From: Alexander Savenkov (email@example.com)
Date: Sat Apr 03 2004 - 06:24:59 EST
2004-04-03T02:34:38+03:00 D. Starner <firstname.lastname@example.org> wrote:
>> > It only affects its (visual) aesthetic
>> > quality.
>> That is arguable. An aural user agent could pronounce "1, 2, 3" a bit
>> different from "1, 2, 3" if there is a (say) thin space between the
>> digits in the latter case. It could pronounce it quicker, for example.
> And it could read it as "thin space", too.
Yeah, and it could read it as ďall your base are belong to usĒ. And
your browser renders it as a hollow square. Hey, and my cat canít read
it at all. Whatís the point of this?
> But it's questionable if any
> speech reader is going to try and interpret such ambiguous and rarely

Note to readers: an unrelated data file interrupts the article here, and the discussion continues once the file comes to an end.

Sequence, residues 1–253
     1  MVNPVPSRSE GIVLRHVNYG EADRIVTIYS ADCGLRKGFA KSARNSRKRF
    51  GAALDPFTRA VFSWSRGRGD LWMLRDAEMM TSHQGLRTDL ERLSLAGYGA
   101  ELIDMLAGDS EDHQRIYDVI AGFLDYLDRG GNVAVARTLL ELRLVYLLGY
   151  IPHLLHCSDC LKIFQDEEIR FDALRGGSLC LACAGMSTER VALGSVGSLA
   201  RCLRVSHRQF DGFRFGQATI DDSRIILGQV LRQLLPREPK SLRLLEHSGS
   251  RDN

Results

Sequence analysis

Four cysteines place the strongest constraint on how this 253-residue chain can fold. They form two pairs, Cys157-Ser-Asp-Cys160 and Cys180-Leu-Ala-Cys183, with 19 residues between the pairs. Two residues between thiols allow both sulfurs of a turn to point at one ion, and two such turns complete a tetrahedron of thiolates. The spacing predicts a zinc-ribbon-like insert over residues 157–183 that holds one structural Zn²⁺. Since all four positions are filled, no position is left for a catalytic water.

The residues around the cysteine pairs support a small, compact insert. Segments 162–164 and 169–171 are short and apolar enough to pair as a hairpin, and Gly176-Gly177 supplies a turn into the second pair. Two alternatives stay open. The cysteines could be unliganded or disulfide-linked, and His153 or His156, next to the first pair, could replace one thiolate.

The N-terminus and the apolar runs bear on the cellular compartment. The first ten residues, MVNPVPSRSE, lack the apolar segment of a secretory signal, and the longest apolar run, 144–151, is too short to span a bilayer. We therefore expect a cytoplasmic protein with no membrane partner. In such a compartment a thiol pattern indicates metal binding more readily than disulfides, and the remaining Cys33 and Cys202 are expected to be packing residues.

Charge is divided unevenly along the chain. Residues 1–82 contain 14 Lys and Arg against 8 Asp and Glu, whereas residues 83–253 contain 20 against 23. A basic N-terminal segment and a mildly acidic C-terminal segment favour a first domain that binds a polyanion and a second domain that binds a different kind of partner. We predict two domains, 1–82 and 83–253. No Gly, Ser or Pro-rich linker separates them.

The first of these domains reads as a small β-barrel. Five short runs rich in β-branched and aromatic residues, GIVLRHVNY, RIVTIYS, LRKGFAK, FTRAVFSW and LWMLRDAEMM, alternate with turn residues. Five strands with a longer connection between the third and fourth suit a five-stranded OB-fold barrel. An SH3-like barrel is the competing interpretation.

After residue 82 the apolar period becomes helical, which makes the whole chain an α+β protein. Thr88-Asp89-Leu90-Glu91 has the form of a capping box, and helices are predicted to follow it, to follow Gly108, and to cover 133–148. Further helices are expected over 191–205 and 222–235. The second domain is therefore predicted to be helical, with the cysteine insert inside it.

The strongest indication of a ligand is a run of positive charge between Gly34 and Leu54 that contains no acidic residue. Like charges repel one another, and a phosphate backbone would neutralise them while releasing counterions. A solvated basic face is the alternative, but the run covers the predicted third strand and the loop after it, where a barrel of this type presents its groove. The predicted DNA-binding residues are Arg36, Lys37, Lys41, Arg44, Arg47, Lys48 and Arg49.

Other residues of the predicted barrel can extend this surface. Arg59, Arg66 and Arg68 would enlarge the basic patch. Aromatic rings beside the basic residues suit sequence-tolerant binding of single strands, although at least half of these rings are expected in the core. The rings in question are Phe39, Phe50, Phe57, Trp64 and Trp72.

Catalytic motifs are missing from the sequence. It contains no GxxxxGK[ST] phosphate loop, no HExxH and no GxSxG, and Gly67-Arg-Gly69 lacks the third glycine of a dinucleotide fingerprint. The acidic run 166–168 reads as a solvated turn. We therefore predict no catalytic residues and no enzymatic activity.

> used characters specially.
As I already have said in another message, theyíre not that ambiguous
and rarely used. If someone misuses them, thatís his problem.
> Even if it does, that doesn't make it plain
> text; italics and <q speaker="Holmes"> can be interpreted by speech
> readers much more usefully, but are clearly not plain text.
You canít markup everything just like you canít make everything
plain text. Iíve no objections to <q speaker="Holmes">. Thatís just
-- Alexander Savenkov http://www.xmlhack.ru/ email@example.com http://www.xmlhack.ru/authors/croll/
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